The Pyrenees and short and intense stage with three climbs and a fast descent to the finish.
Hard Lavaur: the Vent d’autan? The tramontane? No, the Bora got up instead. The German team exploited the uphill start to leave rival sprinters tasting their breakfast a second time. At first it looked like they’d drive the pace to the intermediate sprint where Sagan took enough points to take a lead in the points competition but they kept going, and the dropped sprinters and their team mates threw in the towel. Further on past Castres there was just enough wind, plus the riders were tired enough from the long first phase of the stage, to split the front group apart. Mikel Landa, Ritchie Porte, Bauke Mollema and Tadej Pogačar were caught out and Richard Carapaz punctured, they all lost 81 seconds to the lead group of 42 riders, down but not out. Wout van Aert won a hectic sprint, probably as much a test of stamina as speed but such is his luck that he can win on the days he’s not supposed to, an ace of all trades. Bora did the hard work but Sagan couldn’t finish it off in Lavaur, a roundabout near the finish line had been removed but the temporary works were not exactly billiard table smooth and several riders dropped their chains. Sagan then appeared to wobble as he tried to get through a gap past Hugo Hofstter and only finished 13th to collect four more points and lead Sam Bennett by just nine points. The waning of powers or what he’s called “unluck” in the past? Either way, we have a contest for the green jersey.
The Route: just 141km and after a quick dash across the Comminges area via the intermediate sprint in Sengouagnet and then a scenic approach up the valley to the Col de Menté, listed as 6.9km at 8.1% but that skips the first part of the climb, there’s an extra kilometre at 10% to scale before a quick descent, then it’s all solid climbing at 8% but on a wide, regular road. The descent is fast and technical in places, famous for the Ocaña hairpin but with plenty of other moments.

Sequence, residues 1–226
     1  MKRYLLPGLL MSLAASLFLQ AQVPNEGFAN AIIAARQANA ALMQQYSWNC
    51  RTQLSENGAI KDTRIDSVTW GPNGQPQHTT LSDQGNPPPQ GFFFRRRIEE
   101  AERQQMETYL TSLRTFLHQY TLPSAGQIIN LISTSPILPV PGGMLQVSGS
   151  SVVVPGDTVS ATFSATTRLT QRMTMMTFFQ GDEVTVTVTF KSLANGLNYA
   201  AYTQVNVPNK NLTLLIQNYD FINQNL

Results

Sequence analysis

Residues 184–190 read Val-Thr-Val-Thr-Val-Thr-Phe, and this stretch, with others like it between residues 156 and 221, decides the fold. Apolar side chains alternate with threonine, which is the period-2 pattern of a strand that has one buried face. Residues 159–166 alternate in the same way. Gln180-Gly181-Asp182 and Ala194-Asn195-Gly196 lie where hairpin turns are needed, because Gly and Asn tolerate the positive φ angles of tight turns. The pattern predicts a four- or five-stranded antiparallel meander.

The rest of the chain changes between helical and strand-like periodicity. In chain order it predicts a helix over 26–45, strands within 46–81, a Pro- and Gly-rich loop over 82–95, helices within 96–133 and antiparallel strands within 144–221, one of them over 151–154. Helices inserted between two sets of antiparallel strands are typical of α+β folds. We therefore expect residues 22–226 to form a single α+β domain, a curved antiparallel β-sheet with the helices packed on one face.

There’s 20km across the plains to the Port de Balès, an upstart youngster of Pyrenean climbs, the top was only tarmacked in 2006, and in large part so that the Tour de France could cross, a long-held wish of the region’s sénateur. It’s the odd one out today, an irregular climb with constant changes in gradient, one minute 4%, the next 12% and so on.
The Peyresoude’s a big boulevard, it’s wide road and the steepest part is at the start, otherwise there are no surprises, lots of 7% to the top. There are 8-5-2 bonus seconds at the top. The descent is fast but this is the more technical side, it can reward skilled descenders.
The Finish: a slight drag to the flamme rouge and then it drops down, it’s flat in the final kilometre, there’s a small chicane with 300m to go and small as in not very pronounced rather than tight.
The Contenders: spin the wheel of fortune to work out who gets in the breakaway today. Often late in the race we see the same names again and again in the moves but we’re only a week in. So yes to Alexey Lutsenko (Astana) and Jesus Herrada (Cofidis) again but without much conviction right now. Who else to pick? They need to climb well but having a handy sprint helps for the finish. Max Schachmann (Bora-Hansgrohe) is still recovering from a broken collarbone and could be tired from yesterday but he’s the archetypal rider for today. Davide Formolo (UAE Emirates), L-L Sanchez (Astana) and Marc Hirschi (Sunweb) come to mind but the latter’s a doubt for the high mountains. Alessandro de Marchi (CCC), Dani Martinez (EF) and maybe Ben Hermans (Israel too). There’s also the mountains jersey up for grabs today, Benoît Cosnesfroy leads on 25 points but win one of the first category climbs plus the Port de Balès and a rider will collect 30 points. Among the riders who lost time yesterday, Bauke Mollema‘s (Trek-Segafredo) must be good for a late attack.
A big GC day? Hopefully but maybe not, the Port de Balès is a hard climb but the Peyresourde is a big boulevard that suits strong teams. Still Julian Alaphilippe (Deceuninck-Quickstep) can try, he’s got the jump to take a small gap over the Peyresourde and the skills to turn this into more during the descent and Jumbo-Visma don’t need to close him down. Otherwise Primož Roglic (Jumbo-Visma) is the obvious choice. Tomorrow’s stage has the very steep Marie Blanque, if people don’t move today they will tomorrow but you wonder if Jumbo-Visma need to strike while their irons are hot right now and profit from both of this weekend’s stages.
|Formolo, Sanchez, Lutsenko, Herrada, de Marchi, Martinez, Hermans
Weather: a sunny day, 25°C and a slight crosswind for the first part across the plains, this should make a lively start a bit edgier still.
TV: live coverage from the start at 1.30pm CEST to the finish forecast around 5.15pm Euro time.